In 1910 Calthorpe had another stab at this prestigious French race, now using long-stroke 65 x 170mm engines of their own make, whether because they needed the 30bhp at 3000rpm thus provided, against the 22bhp of the Alpha engines in race form, or because of production factors, I confess I do not know. The design was still of a standard kind but the capacity was now 2250cc with a 2.6-1 axle-ratio giving a claimed 14mph increase in speed over the 1909 racers. The typical circular radiator a sort of Calthorpe radiator topped by a sort of tower for the filler orifice had gone, vee radiators now marking the racing jobs, to be driven by Burgess, Garfield and Lewis. Alas, Calthorpe’s bid for patriotic publicity failed dismally. Burgess had an eliminating skid, the sump-plug departed from Garfield’s car, and a stone cracked the crankcase of Lewis’s, so that both their engines seized.
The 1910 set-back did not, however deter an entry for the 1911 Coupe des Vatures Legere at Boulogne. This time the standard 13.9hp engine was bored-out to 79.5x150mm, which made the capacity 2848cc, the top speed being declared. With astonishing honesty, as 79mph. The three cars were to be driven by Burgess, Russell Fletcher and Robinson. As the race got going Burgess was actually seen to be second to Boillot’s Peugeot, resulting in much joy in British camps. But it was not to last. The leading Calthorpe dropped back, Robinson (could he have been the Cambridge Calthorpe agent?) Poured water into his petrol tank in error, Burgess was seventh, whereas the Sunbeam and Vauxhall, on their Continental debut, retired. And a Calthorpe then scored a third place in the hillclimb that was run in conjunction with the race…
For the 1913 race, although the cars were supposed to be of standard type, Calthorpe had extracted 68bhp at 3000 from their engines, but this was some 12bhp less than claimed for the Sunbeam and Vauxhall entries. Burgess led the Birmingham team, now backed up by Hornsted and Garcot. This was the year in which Coatalen gained great fame when his Sunbeams finished 1-2-3 in the voiturette race which was combined. With the French GP proper, and 3-4-5 in the Grand Prix, behind Boillet’s victorious Peugeot and an even bigger FIAT.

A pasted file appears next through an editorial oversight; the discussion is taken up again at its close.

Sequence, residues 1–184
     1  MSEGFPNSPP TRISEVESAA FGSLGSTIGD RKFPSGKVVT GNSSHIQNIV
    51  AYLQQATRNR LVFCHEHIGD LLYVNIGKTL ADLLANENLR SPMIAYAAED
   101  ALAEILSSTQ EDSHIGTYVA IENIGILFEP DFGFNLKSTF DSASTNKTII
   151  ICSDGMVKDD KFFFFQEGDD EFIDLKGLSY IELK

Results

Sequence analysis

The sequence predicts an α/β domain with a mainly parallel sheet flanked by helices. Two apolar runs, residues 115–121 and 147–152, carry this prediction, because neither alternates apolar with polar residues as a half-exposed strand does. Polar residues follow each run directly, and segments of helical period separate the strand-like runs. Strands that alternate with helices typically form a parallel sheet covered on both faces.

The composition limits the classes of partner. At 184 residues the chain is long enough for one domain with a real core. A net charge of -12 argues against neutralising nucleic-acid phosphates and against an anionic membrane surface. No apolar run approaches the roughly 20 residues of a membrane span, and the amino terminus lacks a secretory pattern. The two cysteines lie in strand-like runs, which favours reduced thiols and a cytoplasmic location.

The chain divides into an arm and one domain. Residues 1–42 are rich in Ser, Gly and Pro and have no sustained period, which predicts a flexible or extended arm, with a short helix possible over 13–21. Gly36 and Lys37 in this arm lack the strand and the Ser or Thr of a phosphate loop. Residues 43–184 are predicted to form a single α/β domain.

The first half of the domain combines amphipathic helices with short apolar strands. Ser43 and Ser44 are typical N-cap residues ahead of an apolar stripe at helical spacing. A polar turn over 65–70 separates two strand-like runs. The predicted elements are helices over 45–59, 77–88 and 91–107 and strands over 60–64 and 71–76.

But for the Calthorpes, disaster, in what was a two-day 956-mile struggle. Burgess lasted for only one lap, delayed by a faulty steering-box, while the layshaft broke in Homsted’s gearbox after only five laps. But Garcot was running on the second day, until his engine expired. Entries were put in for the 1912 GP de France, but no Calthorpes appeared. . .
The patriotic British Company was anxious to run in the 1913 TT but complained that the bore/stroke rule made its production engines ineligible and an SMM&T ban washed the race out, anyway. Meanwhile, there was compensation in the appearance at Brooklands of Hands’s 1 .8-litre car and his entry of Burgess with a slightly longer-stroke Calthorpe in pursuit of Class-B records, which became a duel with Tuck’s Humber, the Calthorpe doing a flying mile at 75.66mph in 1912. On the production front it was decided to introduce a car smaller than the 12/15hp Calthorpe, in anticipation of growth in the small-car field. The result was the 9.5hp 65 x 95mm (1094cc) Calthorpe Minor, recognised as a charming little car. Its impact was diminished by the outbreak of war, but in 1916 this new four-cylinder model was being offered, fully equipped, for £194 5/-, and a four-seater and impressive sporting version were also available. It had the Hele-Shaw multi-plate clutch which was to feature in subsequent Calthorpe cars, and was beautifully made.
Post-war, the Minor was developed into the notable Calthorpe Sporting Four with polished aluminium two and four-seater bodywork, Calthorpe being linked to the Mulliner coachwork firm whose premises were next door, and which it eventually took over. Other models were made, but the 1260cc Sporting Calthorpes were what put the make on the post-Armistice map. Meanwhile, George Hands had left the Company to run the Palace Hotel in Torquay.